- Israel has complained to the Greek government about comments
by composer Mikis Theodorakis, who called Jews "the root of evil"
and dismissed key Biblical figures as mere "shadows," a diplomatic
source said Wednesday.
- The source, who requested anonymity, said the Israeli
Embassy in Athens pointed out the "gravity" of the remarks by
Theodorakis, who is best known for the score of the 1964 film "Zorba
- The Foreign Ministry issued a statement denouncing the
comments as "anti-Semitic" and expressing "sorrow that such
remarks were made by a personality of his stature."
- Meanwhile, the Foreign Ministry has also found that Israel
is perceived as a provocative, unreliable country whose agenda is controlled
by a handful of settlers, Army Radio reported Wednesday.
- The findings were contained in a draft document on Israel's
image in the world, which also indicated rising international criticism
against Israeli policies, the radio reported.
- Sympathy for the Palestinians is high in Greece and protests
are often held to criticize Israel's actions in the Palestinian territories.
- "We are two nations without brothers in the world,
us and the Jews, but they have fanaticism and are forceful," Theodorakis
said at a November 4 news conference to promote his book "Where Can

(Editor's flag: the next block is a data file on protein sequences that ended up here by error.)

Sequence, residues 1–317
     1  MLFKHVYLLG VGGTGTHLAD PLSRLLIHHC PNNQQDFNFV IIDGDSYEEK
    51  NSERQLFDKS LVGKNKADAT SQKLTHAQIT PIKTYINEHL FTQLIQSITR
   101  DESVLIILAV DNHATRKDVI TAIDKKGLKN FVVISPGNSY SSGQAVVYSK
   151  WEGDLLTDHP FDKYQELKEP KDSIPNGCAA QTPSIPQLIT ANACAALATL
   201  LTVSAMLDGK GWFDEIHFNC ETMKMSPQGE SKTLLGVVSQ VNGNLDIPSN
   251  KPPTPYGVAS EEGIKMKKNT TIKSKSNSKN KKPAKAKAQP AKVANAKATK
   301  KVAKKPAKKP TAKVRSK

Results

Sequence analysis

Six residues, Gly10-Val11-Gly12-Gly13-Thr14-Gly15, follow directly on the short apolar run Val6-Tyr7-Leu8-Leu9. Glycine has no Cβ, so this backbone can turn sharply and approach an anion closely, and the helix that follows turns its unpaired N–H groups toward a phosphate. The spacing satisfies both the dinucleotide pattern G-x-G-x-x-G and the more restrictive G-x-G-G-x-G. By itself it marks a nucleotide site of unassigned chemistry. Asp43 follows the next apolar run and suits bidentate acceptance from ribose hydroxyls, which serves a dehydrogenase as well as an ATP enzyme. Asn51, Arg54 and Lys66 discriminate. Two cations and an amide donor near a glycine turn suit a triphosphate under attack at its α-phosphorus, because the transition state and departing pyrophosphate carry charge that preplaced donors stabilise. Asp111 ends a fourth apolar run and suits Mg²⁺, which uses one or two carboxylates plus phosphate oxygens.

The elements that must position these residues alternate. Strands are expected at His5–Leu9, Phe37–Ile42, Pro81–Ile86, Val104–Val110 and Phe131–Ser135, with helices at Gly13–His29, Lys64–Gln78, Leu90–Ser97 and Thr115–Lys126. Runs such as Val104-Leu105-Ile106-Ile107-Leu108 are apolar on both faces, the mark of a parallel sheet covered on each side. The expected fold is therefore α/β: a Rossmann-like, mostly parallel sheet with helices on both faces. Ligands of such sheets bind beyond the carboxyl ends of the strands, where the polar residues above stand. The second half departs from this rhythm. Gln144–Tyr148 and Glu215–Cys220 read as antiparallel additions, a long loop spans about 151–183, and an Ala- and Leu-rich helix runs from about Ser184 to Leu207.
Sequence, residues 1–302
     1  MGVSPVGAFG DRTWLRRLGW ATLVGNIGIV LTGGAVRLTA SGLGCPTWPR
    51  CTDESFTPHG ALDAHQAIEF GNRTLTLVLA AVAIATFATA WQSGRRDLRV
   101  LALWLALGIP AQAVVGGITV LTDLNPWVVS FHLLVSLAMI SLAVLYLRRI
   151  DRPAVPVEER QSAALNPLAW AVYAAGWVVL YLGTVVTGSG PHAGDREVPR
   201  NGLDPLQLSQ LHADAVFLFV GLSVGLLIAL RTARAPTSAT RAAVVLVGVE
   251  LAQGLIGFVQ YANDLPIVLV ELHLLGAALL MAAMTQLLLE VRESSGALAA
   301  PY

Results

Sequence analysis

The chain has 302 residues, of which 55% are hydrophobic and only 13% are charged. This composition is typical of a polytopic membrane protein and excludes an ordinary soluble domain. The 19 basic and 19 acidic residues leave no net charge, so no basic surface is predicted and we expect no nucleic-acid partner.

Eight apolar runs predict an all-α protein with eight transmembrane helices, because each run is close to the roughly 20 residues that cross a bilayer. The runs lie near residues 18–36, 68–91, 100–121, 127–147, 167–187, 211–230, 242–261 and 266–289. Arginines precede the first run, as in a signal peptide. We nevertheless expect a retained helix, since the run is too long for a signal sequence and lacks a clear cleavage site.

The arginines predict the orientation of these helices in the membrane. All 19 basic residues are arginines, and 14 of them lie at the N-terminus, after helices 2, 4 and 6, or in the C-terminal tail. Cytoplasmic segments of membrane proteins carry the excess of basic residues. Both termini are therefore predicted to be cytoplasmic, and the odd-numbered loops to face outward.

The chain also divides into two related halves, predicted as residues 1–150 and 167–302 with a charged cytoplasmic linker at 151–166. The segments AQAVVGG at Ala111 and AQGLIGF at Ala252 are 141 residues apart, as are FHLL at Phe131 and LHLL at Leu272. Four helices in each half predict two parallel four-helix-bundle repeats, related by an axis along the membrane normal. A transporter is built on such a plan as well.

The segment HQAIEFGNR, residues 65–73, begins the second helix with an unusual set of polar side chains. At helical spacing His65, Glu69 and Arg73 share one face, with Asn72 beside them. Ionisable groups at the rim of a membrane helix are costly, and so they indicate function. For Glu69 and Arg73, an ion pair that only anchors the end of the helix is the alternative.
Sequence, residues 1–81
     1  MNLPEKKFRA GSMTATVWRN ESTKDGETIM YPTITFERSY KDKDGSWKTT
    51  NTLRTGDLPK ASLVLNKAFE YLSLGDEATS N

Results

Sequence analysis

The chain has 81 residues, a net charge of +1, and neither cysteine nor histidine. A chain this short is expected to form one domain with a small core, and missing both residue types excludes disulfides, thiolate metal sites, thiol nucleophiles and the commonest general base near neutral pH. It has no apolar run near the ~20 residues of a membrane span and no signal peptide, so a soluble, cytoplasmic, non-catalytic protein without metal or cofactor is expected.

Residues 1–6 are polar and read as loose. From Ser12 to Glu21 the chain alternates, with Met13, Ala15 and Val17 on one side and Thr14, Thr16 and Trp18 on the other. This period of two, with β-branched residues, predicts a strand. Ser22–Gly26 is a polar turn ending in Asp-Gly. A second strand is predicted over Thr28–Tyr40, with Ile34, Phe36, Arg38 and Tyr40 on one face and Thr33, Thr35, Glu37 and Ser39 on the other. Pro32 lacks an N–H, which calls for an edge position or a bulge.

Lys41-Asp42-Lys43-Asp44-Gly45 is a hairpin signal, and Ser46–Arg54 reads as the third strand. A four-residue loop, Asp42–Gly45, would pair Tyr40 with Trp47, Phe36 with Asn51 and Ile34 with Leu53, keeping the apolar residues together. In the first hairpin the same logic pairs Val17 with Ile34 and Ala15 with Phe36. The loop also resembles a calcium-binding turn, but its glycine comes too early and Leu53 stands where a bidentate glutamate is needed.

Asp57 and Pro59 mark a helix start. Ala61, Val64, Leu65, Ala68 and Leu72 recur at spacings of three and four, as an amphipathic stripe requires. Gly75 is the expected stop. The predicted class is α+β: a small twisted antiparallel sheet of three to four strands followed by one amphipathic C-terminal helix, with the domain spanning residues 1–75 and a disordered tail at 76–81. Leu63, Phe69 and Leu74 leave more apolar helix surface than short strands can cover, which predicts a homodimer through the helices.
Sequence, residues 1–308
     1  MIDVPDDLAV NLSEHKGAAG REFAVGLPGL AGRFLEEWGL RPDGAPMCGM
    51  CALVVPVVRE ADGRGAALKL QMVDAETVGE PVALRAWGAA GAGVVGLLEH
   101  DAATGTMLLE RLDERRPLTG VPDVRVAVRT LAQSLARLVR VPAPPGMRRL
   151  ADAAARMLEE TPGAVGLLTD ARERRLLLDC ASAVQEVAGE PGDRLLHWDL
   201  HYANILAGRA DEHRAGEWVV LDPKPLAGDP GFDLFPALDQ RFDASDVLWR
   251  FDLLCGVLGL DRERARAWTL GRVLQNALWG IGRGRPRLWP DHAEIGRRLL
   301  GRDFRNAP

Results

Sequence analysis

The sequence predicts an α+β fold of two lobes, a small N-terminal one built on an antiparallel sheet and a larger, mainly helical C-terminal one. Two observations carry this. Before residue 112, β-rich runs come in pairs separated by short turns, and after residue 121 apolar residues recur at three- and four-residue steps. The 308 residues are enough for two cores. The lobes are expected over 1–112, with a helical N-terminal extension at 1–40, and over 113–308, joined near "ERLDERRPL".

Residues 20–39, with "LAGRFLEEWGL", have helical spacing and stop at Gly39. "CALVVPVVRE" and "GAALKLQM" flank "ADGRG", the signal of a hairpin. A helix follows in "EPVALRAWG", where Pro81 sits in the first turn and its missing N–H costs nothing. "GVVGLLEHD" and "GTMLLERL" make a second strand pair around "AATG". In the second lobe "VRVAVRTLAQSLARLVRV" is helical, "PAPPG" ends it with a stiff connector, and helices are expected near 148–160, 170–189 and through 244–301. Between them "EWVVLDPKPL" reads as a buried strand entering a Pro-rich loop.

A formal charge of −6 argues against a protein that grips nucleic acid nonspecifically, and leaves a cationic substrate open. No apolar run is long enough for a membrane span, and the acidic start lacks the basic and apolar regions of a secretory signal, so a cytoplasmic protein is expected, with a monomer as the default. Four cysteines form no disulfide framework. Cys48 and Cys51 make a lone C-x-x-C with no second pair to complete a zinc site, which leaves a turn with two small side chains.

I Find My Soul." The event was attended by some senior government
- "Today we can say that this small nation is the
root of evil, not of good, which means that too much self importance and
too much stubbornness is evil," he told the audience of journalists
and officials, including Cultural Minister Evangelos Venizelos and Education
Minister Petros Efthimiou.
- According to the daily Apogevmatini, Theodorakis said
Greece "did not turn aggressive like them" because of its rich
- "They only had Abraham and Jacob, shadows... We
had the great Pericles here," Theodorakis was quoted as saying.
- Theodorakis often grabs headlines with his blunt remarks,
particularly against the U.S. government. After the U.S.-led attacks on
Iraq, he described Americans as "disgusting, cruel and cowardly murderers."
- Israeli and Jewish leaders have expressed fears of a
resurgence in anti-Semitism in Europe. European and EU leaders have also
condemned the results of a recent Eurobarometer poll, indicating that 59
percent of the EU's citizens consider Israel the main threat to peace,
closely followed by the United States, Iran and North Korea, each with